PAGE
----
MSBS “Radon” Rifle: US Launch & Impressions

    On this last day of the SHOT Show, I took a detour downstairs to see our friends at Fabryka Broni of the Bumar Group. I covered their MSBS (Polish for “Modular Weapon System” – alternately called “Radon” according to the Polish element naming scheme and not to be confused with Radom, the home of Fabryka Broni) rifle on Industry Day, but Krzysztof told me then to come to their booth at the show for more information.

    I’m glad I did. I got to spend a little more quality time with the rifles, as well as talk further with Krzysztof and the other representatives about the rifle and its potential US release. Fabryka Broni is intent on a US release (“are you allowed to own 40mm grenade launchers in America?” I was asked; “we have one we could sell with the rifle”); they are confident of the Polish military’s adoption of the MSBS*, but are awaiting orders before bringing the rifle across the Atlantic. “The rifle is done; these are not prototypes. When we get orders, the rifle will come to the US.”

    [*It was mentioned that the MSBS has already been adopted, but when I asked them if they have any competition, they said yes they did, so I think the rifle has passed state acceptance trials, and is awaiting standardization.]

    I asked the representatives what the plan for importation is. According to them, Fabryka Broni is currently setting up a factory in Texas where they will make receivers, and many of the parts will be imported from Poland to be assembled in the United States. “We have to gather the tooling at the factory*, then we can begin production”. They mentioned that they are currently seeking ATF approval, and expect the first MSBS rifles to be offered as pistols; the importation regulations on these are easier, they said.

    [*It was unclear whether he meant the factory in Texas or Radom, or both.]

    Two years ago, when I last visited their booth at the 2013 SHOT Show, they had on display developmental models and rapid prototyped mockups only; this year, encouraged by the very polished looking firearms they had on display, as well as their optimism about bringing the rifle to the US market, I decided to ask them the tough questions: “How much do you think it will cost?”, “when will it come to the US?” and “will you be offering conversion kits for different calibers and configurations?”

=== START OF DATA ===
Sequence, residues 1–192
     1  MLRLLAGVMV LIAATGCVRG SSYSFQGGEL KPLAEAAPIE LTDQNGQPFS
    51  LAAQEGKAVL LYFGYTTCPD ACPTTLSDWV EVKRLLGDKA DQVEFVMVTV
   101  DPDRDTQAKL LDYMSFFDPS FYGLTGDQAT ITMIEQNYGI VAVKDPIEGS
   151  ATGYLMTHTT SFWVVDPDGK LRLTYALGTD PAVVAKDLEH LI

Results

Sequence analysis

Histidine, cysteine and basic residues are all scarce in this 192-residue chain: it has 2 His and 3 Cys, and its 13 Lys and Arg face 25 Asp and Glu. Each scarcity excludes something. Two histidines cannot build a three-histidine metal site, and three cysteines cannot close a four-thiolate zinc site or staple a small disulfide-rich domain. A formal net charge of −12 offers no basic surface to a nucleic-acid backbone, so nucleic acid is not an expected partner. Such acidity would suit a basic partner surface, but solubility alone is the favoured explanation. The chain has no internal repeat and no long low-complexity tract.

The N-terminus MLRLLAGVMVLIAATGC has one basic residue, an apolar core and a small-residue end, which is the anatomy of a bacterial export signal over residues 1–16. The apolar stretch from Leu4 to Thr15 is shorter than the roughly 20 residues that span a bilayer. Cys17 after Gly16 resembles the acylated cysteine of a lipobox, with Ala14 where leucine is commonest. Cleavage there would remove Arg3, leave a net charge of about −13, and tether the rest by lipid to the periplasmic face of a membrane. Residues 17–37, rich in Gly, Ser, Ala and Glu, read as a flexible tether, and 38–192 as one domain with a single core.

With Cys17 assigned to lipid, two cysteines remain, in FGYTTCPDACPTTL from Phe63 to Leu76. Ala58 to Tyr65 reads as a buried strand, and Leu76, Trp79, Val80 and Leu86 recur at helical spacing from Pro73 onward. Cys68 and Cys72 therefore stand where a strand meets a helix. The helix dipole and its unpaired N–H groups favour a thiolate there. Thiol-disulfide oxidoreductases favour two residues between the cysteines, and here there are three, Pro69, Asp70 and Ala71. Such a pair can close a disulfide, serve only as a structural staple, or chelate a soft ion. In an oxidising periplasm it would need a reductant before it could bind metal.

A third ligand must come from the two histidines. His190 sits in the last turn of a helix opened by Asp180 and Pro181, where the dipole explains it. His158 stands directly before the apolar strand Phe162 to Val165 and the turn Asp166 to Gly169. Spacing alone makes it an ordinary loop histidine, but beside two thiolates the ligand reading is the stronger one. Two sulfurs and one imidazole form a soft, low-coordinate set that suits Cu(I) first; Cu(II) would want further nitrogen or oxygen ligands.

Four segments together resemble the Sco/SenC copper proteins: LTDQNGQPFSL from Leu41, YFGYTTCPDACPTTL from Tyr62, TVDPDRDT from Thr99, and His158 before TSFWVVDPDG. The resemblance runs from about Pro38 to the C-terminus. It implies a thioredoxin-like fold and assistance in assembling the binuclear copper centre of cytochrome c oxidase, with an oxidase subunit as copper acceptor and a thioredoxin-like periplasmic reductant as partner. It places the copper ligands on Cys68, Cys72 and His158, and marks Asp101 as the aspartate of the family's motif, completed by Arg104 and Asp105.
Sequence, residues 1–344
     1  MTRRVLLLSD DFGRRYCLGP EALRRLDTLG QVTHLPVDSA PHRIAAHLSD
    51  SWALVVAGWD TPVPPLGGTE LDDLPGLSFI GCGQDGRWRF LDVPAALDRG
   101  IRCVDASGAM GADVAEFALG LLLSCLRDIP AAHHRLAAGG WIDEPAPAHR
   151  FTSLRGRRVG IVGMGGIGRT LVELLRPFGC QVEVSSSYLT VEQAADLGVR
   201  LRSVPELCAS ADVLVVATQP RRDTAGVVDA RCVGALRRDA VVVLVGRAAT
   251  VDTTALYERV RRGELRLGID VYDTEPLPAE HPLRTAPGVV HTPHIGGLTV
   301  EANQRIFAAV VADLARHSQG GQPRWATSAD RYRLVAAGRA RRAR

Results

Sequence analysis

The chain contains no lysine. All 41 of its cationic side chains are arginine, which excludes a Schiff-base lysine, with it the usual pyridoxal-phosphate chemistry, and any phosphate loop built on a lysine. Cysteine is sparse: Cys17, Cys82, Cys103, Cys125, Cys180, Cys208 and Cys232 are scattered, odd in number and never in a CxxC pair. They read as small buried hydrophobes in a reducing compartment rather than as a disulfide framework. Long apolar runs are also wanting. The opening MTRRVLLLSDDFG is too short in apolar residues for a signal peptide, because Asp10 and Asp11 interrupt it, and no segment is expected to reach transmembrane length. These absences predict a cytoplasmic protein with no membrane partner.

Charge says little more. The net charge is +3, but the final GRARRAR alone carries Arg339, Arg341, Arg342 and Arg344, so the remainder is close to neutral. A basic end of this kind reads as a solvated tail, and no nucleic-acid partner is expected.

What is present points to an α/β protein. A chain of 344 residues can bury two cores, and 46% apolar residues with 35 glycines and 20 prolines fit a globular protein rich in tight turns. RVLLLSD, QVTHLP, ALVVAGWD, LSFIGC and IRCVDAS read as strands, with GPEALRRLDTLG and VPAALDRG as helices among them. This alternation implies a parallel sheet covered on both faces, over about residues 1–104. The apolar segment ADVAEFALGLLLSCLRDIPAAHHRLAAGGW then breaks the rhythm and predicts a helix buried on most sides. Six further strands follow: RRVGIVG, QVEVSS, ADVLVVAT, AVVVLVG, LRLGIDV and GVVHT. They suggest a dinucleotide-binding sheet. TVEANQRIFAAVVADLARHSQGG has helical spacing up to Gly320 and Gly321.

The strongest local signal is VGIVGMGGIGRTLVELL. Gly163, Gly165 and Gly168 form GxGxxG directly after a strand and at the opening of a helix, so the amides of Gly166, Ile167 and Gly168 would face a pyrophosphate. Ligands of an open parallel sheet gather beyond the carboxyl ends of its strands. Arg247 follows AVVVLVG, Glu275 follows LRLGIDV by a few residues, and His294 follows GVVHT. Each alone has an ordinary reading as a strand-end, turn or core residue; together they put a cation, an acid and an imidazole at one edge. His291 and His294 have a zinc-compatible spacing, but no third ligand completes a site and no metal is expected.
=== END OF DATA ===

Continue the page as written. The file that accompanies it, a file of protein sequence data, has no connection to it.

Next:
Their answers were nothing short of exciting: “The rifle will be manufactured as a system; we make the barrels on our forging machines and will offer many configurations.” When asked about the bullpup rifle, they answered “we will offer one rifle, the standard layout MSBS; accessories, barrels, and the bullpup frame will be offered alongside that as kits.”

    On price: “It does not cost so much to make something in Poland as in the US; importation adds cost, but we think we can make a much lower price than the [Bushmaster] ACR.”

    When can we expect the MSBS to hit the US market? I was surprised at their response: “We will begin making Beryl rifles (their AK variant) and PM-06 pistols (based on the PM-84/98/06 submachine gun family) in the US later this year. The MSBS is finished; it might come possibly as early as December.”

    All the firearms on display did not look like prototypes; according to Krzysztof, over a hundred of these have been made for trials. With the short (akin to “carbine-length”) handguard and medium-weight unfluted barrel (by my guess roughly equivalent in weight to an M4 profile barrel) and polymer lower receiver, I estimate the MSBS weighs at or under 7 pounds empty. While this is not as light as an AR-15 in a comparable configuration, it is much better than other rifles in the same generation as the MSBS. Further, the short handguard was made of aluminum; with a polymer handguard weight could be reduced even further. The balance point of all MSBS rifles displayed was right inside the magwell.

    I think the folks in Radom has done a lot of hard work over the past two years; from a design perspective I am confident in saying he MSBS has gone well beyond where the ACR (to which it is related) is now, and it has really caught my attention as one of the promising new rifle designs of this century. I don’t think the gun represents a great leap forward over the AR-15 that currently saturates the US market, but it is solidly engineered, well built, and quite light.


    Yours truly holding the long-handguard, fluted barrel MSBS, with an uncharacteristic grin.


    Nathaniel F

    Nathaniel is a history enthusiast and firearms hobbyist whose primary interest lies in military small arms technological developments beginning with the smokeless powder era. He can be reached via email at [email protected]